Appearances count. I was struck by a single sentence over the weekend in a full page of coverage in The New York Times devoted to the killing spree in Arkansas, beginning with a front-page account of the recent flurry of legal filings on pending executions and continuing inside with an interview with Damien Echols, the former death row inmate.
  • Art bull

    "God, I hate art," my late friend The Doctor used to say.
  • Not justice

    The strongest, most enduring calls for the death penalty come from those who feel deeply the moral righteousness of "eye-for-an-eye" justice, or retribution. From the depths of pain and the heights of moral offense comes the cry, "The suffering you cause is the suffering you shall receive!" From the true moral insight that punishment should fit the crime, cool logic concludes, "Killers should be killed." Yet I say: retribution yes; death penalty no.
  • Judge Griffen writes about morality, Christian values and executions

    Pulaski County Circuit Judge Wendell Griffen, who blogs at Justice is a verb!, sends along a new post this morning.
  • The Ledell Lee execution thread

    Arkansas Times contributor Jacob Rosenberg is at the Cummins Unit in Grady filing dispatches tonight in advance of the expected execution of Ledell Lee, who was sentenced to death for the Feb. 9, 1993, murder of Debra Reese, 26, who was beaten to death in the bedroom of her home in Jacksonville.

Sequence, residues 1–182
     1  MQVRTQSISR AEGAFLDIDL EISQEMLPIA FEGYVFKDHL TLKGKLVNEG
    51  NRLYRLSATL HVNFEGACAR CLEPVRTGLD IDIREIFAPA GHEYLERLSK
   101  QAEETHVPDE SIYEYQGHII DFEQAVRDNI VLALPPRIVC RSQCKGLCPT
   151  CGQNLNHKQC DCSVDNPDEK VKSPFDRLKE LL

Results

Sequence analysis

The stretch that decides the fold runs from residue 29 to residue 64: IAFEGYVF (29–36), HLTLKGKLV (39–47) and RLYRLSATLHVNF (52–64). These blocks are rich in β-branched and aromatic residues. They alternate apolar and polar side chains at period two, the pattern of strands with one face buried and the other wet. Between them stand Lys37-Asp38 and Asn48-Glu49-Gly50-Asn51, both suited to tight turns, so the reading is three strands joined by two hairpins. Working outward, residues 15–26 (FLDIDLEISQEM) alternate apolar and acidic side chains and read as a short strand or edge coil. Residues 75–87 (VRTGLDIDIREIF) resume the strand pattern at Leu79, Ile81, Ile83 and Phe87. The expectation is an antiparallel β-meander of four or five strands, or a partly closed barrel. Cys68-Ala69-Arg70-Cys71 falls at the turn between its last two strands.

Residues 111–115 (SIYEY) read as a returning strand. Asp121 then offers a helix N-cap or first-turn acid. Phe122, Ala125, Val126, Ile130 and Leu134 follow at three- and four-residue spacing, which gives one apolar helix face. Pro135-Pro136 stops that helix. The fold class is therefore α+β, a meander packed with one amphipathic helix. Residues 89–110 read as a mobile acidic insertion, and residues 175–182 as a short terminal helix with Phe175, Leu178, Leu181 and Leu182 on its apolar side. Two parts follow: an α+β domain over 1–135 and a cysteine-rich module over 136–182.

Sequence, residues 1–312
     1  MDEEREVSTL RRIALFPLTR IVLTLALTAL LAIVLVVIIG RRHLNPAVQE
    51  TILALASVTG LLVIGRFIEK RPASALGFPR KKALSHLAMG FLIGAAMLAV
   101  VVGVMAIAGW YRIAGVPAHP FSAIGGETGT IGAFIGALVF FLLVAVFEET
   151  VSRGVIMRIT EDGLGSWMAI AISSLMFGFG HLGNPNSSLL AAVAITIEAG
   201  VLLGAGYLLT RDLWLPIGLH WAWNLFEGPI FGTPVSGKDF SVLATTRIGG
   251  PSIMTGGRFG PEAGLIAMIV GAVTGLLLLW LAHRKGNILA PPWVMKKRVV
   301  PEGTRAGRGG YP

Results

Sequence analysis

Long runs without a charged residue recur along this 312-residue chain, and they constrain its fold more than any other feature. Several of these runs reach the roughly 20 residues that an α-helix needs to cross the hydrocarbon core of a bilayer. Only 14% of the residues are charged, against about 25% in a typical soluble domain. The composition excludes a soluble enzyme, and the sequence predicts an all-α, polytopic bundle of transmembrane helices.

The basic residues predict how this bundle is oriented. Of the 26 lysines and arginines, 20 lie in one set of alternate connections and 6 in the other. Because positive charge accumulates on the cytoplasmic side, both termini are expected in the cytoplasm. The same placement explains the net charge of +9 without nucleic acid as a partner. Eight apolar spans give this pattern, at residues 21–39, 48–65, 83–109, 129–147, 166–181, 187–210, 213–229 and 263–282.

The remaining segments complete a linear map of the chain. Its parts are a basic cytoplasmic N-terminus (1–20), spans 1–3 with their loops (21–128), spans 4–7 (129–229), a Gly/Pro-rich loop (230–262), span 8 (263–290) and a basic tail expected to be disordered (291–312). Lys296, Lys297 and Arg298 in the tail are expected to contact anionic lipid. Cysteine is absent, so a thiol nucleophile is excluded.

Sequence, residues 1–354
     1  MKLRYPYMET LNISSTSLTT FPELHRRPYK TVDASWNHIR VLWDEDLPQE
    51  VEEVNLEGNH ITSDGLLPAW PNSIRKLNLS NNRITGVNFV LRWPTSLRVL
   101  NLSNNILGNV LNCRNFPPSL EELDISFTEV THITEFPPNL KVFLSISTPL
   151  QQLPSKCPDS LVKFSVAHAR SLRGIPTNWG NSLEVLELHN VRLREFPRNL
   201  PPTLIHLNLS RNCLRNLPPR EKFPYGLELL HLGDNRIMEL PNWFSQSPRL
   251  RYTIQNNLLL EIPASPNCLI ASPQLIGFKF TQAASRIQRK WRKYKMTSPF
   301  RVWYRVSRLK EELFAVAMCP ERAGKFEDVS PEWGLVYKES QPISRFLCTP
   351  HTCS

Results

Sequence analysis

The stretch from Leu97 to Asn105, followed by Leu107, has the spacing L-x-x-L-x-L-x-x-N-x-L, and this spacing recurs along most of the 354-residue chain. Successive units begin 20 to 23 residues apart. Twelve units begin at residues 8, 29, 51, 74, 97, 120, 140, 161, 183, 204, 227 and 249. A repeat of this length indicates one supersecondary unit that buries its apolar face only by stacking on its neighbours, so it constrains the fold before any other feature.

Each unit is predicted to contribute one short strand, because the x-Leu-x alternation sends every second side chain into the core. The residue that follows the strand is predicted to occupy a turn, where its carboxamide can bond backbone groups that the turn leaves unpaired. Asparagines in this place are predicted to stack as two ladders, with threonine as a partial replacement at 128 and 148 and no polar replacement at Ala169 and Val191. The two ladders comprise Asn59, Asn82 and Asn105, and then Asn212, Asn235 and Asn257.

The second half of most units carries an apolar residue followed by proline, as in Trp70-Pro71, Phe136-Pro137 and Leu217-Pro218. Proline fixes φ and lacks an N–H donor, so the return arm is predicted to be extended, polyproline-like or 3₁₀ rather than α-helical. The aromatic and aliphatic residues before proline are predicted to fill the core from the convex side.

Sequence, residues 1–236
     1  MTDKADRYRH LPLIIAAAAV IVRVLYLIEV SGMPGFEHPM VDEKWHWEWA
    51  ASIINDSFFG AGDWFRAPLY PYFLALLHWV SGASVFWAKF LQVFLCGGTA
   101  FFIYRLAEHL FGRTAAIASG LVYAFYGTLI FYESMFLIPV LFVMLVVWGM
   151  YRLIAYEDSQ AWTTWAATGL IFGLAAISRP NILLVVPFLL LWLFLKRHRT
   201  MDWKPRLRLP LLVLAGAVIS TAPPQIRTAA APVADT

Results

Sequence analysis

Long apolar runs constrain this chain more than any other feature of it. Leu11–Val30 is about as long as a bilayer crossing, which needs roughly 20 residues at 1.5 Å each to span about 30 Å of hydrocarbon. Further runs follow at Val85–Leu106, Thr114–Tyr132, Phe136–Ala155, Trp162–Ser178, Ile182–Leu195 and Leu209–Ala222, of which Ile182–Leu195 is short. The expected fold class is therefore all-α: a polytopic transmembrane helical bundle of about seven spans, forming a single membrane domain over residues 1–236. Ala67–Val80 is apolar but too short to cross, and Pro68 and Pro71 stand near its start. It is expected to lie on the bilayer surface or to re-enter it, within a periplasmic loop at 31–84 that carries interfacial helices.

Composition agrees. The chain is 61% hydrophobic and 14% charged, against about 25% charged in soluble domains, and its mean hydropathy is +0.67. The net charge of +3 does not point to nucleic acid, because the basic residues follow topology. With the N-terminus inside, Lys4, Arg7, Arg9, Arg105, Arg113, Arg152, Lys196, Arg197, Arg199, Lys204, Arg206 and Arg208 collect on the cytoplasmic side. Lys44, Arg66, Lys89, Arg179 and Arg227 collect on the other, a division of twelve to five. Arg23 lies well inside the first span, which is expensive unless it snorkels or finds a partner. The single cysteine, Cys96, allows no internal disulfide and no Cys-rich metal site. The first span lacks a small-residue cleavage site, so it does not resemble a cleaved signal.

Latest in Arkansas Reporter

Visit Arkansas

Haralson, Smith named to Arkansas Tourism Hall of Fame

Haralson, Smith named to Arkansas Tourism Hall of Fame

Chuck Haralson and Ken Smith were inducted into the Arkansas Tourism Hall of Fame during the 43rd annual Governor’s Conference on Tourism

Event Calendar

« »


2 3 4 5 6 7 8
9 10 11 12 13 14 15
16 17 18 19 20 21 22
23 24 25 26 27 28 29

Most Recent Comments


© 2017 Arkansas Times | 201 East Markham, Suite 200, Little Rock, AR 72201
Powered by Foundation